But that’s still not enough. Each person needs to know how to connect with the process: How do I as an individual engage the larger group to get to the restaurant? Meet the group at this time, and we’ll walk there together. Great! Now we’re getting somewhere.

Everyone on our teams need to 1. Know where we’re going (Vision) and 2. How we’re getting there (strategy) and 3. How to engage in the process (tactic).

Vision statements are vital, and yes, everyone needs one. But it’s only the beginning of the process, not the end.

I Think It’s Time to Rethink How We’re Thinking about Abortion

This past Monday, the Supreme Court struck down a series of Texas laws restricting the operation of abortion clinics. Here’s the short version: Texas law required abortion clinics to meet the standards of stand-alone surgery centers and doctors performing the abortions to have admitting privileges at nearby hospitals. Most clinics in Texas were unable to comply with the new requirements and a lot of them closed. Because access to abortions was limited by the smaller number of clinics, lawsuits followed.

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On Monday, the Supreme Court struck down those laws ruling that these laws did, in fact, unlawfully restrict a woman’s constitutional right to abortion.

The point of my writing is not to debate whether or not the ruling was right or wrong. There have been enough experts and pundits doing that. I don’t want to go back and talk again about whether or not Roe v. Wade is correct.

What I’d like to do is talk to the church about:

  1. Where we are now, and;
  2. What we can do to move forward.

So, where are we? First, like it or not, Roe v. Wade is the law of the land. In some form or another, it has survived numerous challenges, and given the make up of the court, will likely survive any challenges in the future. Certainly if Hillary Clinton is elected president, any judges she appoints will be vetted and shown to be supporters of Roe V. Wade.

For that reason—and several others—I really don’t think we’ll be successful in continuing to legally challenge the law as it stands. I’m not a lawyer, and I know there are those who consider it their calling to try and find a way to change the law. I’m not saying that we don’t continue to challenge the law.

I know abortion is a complicated issue. I’m not talking about abortions where the mother’s health is in question or the result of rape or incest. These issues need to be addressed in different ways. I’m talking about abortion as post-conception birth control. This is the vast majority of abortions in America.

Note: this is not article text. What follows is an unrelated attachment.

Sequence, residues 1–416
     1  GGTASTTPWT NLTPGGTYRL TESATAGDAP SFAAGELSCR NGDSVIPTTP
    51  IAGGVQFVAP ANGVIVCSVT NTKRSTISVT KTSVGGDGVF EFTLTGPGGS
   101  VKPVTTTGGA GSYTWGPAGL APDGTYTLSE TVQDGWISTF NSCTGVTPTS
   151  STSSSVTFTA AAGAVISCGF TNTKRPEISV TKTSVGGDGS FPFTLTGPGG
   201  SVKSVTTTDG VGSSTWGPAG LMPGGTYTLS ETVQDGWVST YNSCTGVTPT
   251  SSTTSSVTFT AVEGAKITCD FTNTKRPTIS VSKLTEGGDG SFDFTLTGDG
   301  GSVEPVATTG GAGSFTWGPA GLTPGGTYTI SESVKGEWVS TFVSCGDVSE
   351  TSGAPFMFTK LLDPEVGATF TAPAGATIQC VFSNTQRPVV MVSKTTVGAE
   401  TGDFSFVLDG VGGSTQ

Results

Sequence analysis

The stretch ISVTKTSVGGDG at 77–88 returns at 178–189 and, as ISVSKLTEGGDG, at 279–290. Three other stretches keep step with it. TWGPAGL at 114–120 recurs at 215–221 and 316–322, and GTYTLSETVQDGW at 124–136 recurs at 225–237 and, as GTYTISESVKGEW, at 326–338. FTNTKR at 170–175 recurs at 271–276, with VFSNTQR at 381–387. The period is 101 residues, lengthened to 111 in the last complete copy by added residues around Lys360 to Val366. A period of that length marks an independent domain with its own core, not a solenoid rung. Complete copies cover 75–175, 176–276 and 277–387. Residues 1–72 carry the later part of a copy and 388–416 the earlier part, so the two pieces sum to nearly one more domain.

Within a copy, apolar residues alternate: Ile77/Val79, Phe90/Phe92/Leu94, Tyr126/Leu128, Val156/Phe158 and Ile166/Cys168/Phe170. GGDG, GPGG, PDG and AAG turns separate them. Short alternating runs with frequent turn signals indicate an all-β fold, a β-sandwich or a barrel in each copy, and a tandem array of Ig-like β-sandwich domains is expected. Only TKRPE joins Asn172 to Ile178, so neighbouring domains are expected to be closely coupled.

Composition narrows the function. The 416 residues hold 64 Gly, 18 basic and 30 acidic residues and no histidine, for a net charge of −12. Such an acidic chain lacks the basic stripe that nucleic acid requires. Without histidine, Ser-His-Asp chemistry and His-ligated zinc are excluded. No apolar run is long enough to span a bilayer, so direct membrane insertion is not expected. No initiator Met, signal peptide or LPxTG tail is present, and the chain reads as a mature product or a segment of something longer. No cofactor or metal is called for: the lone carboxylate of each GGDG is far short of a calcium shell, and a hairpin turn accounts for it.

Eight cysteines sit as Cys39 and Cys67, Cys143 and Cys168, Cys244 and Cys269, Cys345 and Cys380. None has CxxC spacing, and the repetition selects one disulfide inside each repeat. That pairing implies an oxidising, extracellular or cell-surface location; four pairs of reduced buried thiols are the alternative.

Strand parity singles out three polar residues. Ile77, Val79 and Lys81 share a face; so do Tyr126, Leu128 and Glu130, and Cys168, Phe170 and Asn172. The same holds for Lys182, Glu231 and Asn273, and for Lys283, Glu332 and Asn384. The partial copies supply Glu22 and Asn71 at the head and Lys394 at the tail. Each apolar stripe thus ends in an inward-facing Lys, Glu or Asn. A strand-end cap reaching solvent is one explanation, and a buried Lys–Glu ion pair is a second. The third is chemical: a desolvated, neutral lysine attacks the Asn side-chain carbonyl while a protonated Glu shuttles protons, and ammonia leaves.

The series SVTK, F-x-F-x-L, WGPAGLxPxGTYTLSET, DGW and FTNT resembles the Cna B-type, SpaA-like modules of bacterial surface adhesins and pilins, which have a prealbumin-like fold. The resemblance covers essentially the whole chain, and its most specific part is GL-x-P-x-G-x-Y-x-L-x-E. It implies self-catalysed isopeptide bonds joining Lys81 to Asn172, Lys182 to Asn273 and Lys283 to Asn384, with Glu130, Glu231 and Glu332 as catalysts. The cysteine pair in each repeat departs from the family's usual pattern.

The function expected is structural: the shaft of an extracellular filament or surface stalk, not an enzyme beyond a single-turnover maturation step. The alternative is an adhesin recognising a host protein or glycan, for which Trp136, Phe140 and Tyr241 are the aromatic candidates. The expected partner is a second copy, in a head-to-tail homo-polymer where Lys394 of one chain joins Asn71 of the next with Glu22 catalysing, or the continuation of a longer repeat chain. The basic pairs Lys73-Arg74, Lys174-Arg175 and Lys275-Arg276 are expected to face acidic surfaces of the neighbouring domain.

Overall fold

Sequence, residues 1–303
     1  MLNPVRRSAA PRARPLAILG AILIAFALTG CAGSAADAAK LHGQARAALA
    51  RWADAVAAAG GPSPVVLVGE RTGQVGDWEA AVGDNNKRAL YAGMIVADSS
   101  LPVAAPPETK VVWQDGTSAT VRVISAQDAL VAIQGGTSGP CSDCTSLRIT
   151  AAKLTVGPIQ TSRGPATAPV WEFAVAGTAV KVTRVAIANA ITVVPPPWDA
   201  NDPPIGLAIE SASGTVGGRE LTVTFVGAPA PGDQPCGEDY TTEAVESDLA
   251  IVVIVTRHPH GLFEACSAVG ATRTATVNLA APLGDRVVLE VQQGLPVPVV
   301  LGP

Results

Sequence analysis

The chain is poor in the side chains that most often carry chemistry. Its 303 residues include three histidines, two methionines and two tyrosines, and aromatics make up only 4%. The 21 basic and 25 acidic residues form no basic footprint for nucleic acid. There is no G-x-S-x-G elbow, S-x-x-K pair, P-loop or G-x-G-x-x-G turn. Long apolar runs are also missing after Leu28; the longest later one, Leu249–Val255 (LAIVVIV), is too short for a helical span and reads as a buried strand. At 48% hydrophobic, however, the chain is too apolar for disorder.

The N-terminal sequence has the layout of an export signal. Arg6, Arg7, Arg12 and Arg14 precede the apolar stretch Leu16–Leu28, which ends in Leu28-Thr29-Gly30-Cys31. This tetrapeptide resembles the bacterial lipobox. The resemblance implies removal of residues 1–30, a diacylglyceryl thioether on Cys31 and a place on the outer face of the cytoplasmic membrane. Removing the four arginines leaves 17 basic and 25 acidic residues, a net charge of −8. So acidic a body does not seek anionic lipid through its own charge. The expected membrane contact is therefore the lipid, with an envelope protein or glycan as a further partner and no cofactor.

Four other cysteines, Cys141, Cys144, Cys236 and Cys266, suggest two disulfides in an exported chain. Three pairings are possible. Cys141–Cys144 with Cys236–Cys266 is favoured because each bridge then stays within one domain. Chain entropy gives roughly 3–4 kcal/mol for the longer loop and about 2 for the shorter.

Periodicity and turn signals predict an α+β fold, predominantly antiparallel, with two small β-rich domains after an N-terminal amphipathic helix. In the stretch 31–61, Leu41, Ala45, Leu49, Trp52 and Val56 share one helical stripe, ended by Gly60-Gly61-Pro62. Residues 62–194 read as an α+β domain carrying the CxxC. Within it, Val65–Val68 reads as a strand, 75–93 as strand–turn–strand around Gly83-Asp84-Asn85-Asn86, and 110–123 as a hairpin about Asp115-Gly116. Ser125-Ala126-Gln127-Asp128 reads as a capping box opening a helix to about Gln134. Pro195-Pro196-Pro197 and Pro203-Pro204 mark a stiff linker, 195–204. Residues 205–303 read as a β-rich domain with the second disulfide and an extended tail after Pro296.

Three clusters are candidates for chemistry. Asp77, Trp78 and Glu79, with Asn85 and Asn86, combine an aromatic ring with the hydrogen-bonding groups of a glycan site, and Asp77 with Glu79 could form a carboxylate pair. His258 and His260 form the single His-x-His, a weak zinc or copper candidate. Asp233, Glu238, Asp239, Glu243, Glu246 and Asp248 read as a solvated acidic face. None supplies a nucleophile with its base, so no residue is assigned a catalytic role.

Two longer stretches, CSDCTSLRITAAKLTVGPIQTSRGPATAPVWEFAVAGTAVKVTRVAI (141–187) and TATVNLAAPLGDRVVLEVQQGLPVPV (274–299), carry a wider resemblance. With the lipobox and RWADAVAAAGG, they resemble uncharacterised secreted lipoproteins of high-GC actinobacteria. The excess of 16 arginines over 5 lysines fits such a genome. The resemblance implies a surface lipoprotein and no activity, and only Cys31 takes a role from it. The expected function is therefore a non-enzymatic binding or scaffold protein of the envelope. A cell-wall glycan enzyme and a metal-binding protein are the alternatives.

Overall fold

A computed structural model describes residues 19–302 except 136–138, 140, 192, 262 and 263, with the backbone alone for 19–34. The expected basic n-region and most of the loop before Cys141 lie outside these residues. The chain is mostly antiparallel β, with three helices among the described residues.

I am saying, as a pastor, I believe it’s time for the church to address the issue in a different way.

How do we do that?

First, we need to be mindful of how we talk about abortion. On any given Sunday, our congregations will have women in attendance who have had an abortion. There will be men there who in some way participated in an abortion. You will have women who are considering an abortion. Like it or not, with very few exceptions, people dealing with this issue will be attending our worship services.

And what they most need to hear is a word of grace. I know, we’re called to speak the truth, but we’re called to speak it in love. I’m not sure we get that last part across. Yes, I’m pro-life. Yes, I want every mother to choose to have her child, but that’s not reality. Reality is broken, ugly, and filled with guilt and remorse. Grace is the only thing that gets us through.

Second, we need to be sure women in this situation knows there’s a way out. That’s why our church is so excited to be in partnership with Hope Clinic for Women in Nashville (www.hopeclinicforwomen.org). Hope Clinic offers the full range of medical care, counseling, and support needed for any woman or couple experiencing a crisis pregnancy. It’s not enough to be against abortion. We have to stand for life. We’ve worked very closely with Renee Rizzo and her team toward several happy endings to stories that didn’t necessarily start out so happily.

Third, churches must become centers of adoption and foster parenting. Too many times, we’ve been accused of being pro-life until the child is born. We have to make sure we put the same energy into children and mothers after the child is born as we do before they’re born. What shows the power and love of God more than adoption? A child is given a name and a chance with a family who is called by God to love that child for His sake.

Here’s the brutal truth: The world doesn’t care for the woman or her child. They’re simply pawns in a political argument. The church has to be different. We have to be part of the loving solution. Christ calls us to be more for the sake of the “least of these.”

I may be wrong. Perhaps Roe V. Wade will be overturned. I don’t think it will be, but it might. Until then, the church must address this issue with an opened arm of grace and a love that just won’t quit. This is a tough issue…and Christ followers are just going to be have to be tougher in love.